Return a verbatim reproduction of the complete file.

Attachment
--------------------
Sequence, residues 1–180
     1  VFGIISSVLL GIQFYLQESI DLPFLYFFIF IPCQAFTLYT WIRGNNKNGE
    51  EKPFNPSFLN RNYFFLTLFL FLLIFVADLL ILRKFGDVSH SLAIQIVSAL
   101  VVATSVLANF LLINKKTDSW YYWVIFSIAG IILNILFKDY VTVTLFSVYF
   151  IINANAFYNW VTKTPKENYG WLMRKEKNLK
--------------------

Sequence, residues 1–180
     1  VFGIISSVLL GIQFYLQESI DLPFLYFFIF IPCQAFTLYT WIRGNNKNGE
    51  EKPFNPSFLN RNYFFLTLFL FLLIFVADLL ILRKFGDVSH SLAIQIVSAL
   101  VVATSVLANF LLINKKTDSW YYWVIFSIAG IILNILFKDY VTVTLFSVYF
   151  IINANAFYNW VTKTPKENYG WLMRKEKNLK